By Freeman Makopa
ZIMBABWE has commenced several programmes to improve power generation and plug a crippling electricity deficit.
The projects are at various stages of completion.
Our business reporter, Freeman Makopa (FM) caught up with Gloria Magombo (GM), the permanent secretary in the Ministry of Energy for an update on these developments.
Here is how their discussion turned out…
FM: What is Zimbabwe doing to meet its electricity demand?
GM: The ministry, through the National Development Strategy 1 (NDS1) has the following key issues to address as part of our mandate to ensure energy sufficiency by 2030.
These are maintenance, rehabilitation and where possible upgrade the existing energy infrastructure to ensure efficient operations, completing all on-going projects and building new capacity.
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The ministry is also maximising the use of renewable energy and energy efficiency, developing new supply and distribution options through research, innovation and use of technology and is also ensuring viability of the sector.
In addition, we are also addressing issues of affordability.
Development of policies and regulations that allow for private sector involvement is among the key issues, while various programmes have been put in place starting with the development of an integrated sectoral plans.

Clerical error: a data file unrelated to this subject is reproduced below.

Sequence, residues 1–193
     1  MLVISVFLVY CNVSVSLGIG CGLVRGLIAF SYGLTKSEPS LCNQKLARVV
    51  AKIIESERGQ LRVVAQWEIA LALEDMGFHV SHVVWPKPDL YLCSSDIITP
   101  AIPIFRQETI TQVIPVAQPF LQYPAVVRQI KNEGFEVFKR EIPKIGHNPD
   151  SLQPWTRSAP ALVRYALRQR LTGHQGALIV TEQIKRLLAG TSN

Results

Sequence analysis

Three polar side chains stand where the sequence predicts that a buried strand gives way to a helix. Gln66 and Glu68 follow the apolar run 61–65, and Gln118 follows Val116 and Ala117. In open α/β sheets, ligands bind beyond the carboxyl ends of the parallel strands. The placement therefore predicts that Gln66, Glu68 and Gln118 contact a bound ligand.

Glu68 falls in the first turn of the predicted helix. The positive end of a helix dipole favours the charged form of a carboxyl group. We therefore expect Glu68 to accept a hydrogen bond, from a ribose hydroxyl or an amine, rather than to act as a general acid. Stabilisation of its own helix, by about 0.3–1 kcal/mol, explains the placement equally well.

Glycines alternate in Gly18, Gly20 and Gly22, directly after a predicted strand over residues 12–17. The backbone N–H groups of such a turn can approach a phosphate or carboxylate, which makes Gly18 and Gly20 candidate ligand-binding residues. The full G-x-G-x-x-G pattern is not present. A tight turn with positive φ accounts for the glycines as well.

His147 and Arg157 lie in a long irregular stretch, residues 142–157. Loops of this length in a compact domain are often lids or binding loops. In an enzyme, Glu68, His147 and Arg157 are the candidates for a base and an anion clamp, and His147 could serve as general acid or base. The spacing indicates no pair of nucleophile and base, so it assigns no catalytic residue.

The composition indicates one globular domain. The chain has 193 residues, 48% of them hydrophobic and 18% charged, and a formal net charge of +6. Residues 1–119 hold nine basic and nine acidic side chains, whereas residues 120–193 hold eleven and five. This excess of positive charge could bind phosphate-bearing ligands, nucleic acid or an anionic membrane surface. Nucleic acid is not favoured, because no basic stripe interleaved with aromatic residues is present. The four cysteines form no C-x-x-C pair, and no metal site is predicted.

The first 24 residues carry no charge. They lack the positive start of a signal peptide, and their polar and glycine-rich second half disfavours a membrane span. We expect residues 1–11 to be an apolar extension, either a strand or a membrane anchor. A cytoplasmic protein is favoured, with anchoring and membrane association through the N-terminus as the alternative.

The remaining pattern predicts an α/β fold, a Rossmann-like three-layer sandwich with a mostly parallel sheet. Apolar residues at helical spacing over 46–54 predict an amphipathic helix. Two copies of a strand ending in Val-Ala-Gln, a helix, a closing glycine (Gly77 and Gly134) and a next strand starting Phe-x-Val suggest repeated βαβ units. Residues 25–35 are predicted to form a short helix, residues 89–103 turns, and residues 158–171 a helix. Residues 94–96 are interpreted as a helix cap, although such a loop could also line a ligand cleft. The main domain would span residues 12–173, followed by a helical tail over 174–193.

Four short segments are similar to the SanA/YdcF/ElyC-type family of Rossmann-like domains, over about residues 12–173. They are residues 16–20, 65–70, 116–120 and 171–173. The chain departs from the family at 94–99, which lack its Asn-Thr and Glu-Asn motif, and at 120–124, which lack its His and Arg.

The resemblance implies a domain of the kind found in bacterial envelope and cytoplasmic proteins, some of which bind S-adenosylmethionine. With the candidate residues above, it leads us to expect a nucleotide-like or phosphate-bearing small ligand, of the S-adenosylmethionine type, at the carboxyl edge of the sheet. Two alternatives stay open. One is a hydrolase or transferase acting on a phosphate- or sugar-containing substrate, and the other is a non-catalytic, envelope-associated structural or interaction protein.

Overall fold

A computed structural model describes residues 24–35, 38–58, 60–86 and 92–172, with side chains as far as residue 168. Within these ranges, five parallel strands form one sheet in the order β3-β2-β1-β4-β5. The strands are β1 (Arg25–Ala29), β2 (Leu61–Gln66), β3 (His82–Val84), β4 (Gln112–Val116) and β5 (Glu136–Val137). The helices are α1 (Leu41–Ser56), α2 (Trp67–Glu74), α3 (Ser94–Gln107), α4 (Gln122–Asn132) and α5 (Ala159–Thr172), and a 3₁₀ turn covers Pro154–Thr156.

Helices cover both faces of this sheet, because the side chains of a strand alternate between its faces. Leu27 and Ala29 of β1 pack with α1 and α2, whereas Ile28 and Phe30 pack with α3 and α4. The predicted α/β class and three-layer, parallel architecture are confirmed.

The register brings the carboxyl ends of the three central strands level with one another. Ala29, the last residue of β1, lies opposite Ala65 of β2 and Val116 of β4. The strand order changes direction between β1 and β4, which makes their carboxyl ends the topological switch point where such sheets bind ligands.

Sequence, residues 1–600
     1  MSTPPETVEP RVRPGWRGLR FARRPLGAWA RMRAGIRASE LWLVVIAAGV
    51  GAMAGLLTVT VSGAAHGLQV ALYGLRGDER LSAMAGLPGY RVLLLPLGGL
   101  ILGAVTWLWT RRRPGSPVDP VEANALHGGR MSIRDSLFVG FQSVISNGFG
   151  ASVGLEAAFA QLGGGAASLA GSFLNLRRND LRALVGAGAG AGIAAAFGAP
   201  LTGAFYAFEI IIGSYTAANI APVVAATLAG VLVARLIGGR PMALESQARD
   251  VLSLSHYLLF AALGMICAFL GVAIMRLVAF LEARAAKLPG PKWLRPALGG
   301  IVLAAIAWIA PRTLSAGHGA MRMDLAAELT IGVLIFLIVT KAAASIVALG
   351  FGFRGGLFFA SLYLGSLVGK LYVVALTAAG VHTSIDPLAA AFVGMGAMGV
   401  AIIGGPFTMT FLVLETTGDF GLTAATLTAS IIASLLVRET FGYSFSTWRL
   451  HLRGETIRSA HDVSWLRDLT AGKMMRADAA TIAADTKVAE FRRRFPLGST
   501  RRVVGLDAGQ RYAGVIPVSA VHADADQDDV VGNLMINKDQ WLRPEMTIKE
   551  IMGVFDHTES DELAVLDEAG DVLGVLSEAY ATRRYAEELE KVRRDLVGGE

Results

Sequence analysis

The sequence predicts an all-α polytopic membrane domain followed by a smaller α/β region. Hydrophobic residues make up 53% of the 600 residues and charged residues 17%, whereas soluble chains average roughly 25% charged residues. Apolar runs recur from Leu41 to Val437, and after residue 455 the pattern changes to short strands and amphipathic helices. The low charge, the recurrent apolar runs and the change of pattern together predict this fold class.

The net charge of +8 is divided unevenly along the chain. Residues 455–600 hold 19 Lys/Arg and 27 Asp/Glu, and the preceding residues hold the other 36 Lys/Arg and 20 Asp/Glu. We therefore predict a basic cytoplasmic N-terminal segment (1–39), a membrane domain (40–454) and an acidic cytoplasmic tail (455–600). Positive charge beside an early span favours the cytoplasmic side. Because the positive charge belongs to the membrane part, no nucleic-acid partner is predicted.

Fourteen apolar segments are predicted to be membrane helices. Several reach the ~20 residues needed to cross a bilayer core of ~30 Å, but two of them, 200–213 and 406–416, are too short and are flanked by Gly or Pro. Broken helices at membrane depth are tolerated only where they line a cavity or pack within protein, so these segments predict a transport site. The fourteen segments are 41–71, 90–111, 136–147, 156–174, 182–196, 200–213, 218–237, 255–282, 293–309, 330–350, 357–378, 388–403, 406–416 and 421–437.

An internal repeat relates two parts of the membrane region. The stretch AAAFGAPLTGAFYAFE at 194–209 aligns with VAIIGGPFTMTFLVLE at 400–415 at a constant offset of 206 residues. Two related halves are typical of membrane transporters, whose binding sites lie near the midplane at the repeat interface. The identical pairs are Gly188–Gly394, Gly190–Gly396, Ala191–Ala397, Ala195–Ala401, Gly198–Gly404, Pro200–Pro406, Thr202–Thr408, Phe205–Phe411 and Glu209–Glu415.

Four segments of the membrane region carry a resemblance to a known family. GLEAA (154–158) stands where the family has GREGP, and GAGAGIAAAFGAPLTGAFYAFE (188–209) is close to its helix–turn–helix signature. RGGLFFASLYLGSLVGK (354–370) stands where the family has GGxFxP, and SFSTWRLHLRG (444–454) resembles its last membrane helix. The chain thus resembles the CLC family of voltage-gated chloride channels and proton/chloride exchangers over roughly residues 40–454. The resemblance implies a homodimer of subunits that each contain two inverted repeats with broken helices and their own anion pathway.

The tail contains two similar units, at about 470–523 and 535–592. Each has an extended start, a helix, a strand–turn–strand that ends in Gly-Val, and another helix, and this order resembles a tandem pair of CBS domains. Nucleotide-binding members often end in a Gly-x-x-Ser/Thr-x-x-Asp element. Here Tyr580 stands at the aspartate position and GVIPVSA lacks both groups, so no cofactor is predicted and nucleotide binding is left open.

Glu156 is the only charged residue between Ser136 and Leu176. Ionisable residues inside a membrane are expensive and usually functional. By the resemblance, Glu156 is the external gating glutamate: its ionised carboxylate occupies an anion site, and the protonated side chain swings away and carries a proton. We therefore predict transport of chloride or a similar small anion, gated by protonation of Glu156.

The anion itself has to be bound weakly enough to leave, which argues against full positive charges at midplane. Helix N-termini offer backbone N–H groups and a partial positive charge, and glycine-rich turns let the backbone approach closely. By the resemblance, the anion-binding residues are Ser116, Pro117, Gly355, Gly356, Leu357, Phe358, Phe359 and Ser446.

FM: Tell us more about this strategy.
GM: We are also looking at the network master plan, the least cost generation plan, the rural energy master plan, which are key in the development of the creation of a National Integrated Energy Resource Plan, which is targeted for consolidation next year.
FM: Tell us about power generation projects.
GM: New generation capacity projects are under construction and some are being commissioned.
These include the Hwange 7&8 coming online by 2022, independent power producers, about 60 megawatts (MW) by end of year whist others are at different levels of project development.
FM: Would you please give an update for developments at Batoka?
GM: The government of Zambia and Zimbabwe are jointly developing the Batoka (2 400MW) with each country to access 1 200MW.
The project developer was appointed and is working on the project preparation and financial closure.
As part of the low carbon development strategy, Zesa will soon launch the competitive procurement of 500MW solar projects throughout the country.
The procurement framework is being finalised.
FM: The ministry is also pursuing renewable energy. How far are you on that and what impact do you think that will have to the economy?
GM: Policy implementation is in progress.
Various IPPs are under construction and already licensed, new renewable energy competitive procurement is under way.
Mines and other companies as well as agricultural estates are building roof tops (solar systems) and ground mounted systems to bank and feed the grid.
Most new suburbs are installing solar home systems.
The government, through the Rural Electrification Fund is working on mini grids and upgrading old systems.
Renewable energy targets 2 000MW by 2030, excluding large hydro projects.